Making a sequel to a beloved holiday classic that countless families have a tradition of watching every year is a tricky proprosition that rarely works out. Anyone who’s suffered through Frosty Returns can attest to that. Thankfully, HBO Max’s new A Christmas Story Christmas mostly pulls off the task. The film may not be a new classic itself, but it avoids being a stain on the original, and that’s something.
This actually isn’t the first sequel to 1983’s A Christmas Story. The 1988 TV movie Ollie Hopnoodle’s Haven of Bliss and the 1994 theatrical feature It Runs in the Family (a.k.a. My Summer Story) were both semi-sequels based on additional memoirs by author Jean Shepherd. Both were harmless, if forgettable. More recently, and more egregiously, Warner Bros. spat out the direct-to-video A Christmas Story 2 in 2012 to resoundingly negative reaction. A Christmas Story Christmas ignores all of those, and is the first follow-up to bring back star Peter Billingsley and many of the other original cast from the 1983 film. In that regard, and a lot of other ways, this could be considered the first true sequel.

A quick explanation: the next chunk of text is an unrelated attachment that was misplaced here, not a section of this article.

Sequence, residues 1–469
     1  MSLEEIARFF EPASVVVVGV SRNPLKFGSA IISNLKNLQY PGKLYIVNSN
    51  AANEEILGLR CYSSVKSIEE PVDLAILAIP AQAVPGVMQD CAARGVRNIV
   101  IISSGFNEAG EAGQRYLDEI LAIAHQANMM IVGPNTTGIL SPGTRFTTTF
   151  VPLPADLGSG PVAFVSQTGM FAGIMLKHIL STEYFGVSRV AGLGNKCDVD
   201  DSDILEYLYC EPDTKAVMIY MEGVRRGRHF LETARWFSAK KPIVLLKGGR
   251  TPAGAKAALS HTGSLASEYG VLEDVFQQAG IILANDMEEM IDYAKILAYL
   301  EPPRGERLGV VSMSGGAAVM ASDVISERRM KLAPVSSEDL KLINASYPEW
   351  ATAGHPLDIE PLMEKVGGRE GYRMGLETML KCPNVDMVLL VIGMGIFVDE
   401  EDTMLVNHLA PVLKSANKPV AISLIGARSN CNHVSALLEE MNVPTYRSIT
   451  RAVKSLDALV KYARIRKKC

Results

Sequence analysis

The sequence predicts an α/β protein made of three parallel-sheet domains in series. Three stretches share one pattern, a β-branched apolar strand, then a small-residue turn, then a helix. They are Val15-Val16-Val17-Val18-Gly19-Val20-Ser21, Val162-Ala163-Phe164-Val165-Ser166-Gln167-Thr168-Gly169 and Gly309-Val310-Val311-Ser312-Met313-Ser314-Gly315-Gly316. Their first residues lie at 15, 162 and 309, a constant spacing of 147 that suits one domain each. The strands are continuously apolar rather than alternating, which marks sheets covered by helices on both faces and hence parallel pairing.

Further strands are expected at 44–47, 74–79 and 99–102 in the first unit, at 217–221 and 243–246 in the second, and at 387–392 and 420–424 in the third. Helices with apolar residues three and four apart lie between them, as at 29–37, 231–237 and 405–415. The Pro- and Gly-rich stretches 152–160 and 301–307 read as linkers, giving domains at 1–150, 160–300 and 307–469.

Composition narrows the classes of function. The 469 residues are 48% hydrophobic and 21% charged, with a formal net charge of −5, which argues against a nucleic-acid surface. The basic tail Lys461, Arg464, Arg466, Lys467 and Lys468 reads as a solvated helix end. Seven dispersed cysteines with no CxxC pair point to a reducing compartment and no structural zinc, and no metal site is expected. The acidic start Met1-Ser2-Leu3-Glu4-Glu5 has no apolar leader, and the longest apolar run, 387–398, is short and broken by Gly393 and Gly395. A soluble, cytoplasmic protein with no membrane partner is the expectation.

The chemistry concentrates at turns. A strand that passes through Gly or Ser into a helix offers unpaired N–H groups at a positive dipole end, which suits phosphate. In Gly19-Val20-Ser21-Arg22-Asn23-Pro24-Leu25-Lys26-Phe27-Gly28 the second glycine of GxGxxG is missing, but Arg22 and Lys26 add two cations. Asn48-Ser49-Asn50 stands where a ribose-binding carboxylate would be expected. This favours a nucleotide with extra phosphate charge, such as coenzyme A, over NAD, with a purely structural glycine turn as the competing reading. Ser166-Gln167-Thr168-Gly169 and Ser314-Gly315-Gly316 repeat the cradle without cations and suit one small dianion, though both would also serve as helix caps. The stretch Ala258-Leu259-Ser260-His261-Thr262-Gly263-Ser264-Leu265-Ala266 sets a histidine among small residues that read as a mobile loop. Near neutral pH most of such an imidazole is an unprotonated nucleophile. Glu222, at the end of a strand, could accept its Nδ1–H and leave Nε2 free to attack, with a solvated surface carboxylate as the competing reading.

|Title:||A Christmas Story Christmas|
|Release Date:||Nov. 17, 2022|
|Watched On:||HBO Max|
Thirty-nine years have passed in our real world since A Christmas Story was first released in 1983. The sequel fudges the timeline just a little and is set in 1973, thirty-three years after the original tale. Ralph Parker (Billingsley) is all grown-up, with a wife and two kids of his own. A struggling writer, he’s set a personal deadline of year-end to sell the epic science fiction novel he’s been working on to a publisher, any publisher, but none are even remotely interested. The most polite of them informs Ralph that he could chop half the length of out his manuscript and it would still be too long. If he can’t make a career of this before New Year’s Day, Ralph has resolved to give up his dreams and take a boring 9-to-5 job. His wife, Sandy (Erinn Hayes from Children’s Hospital), is remarkably supportive of him however this should turn out.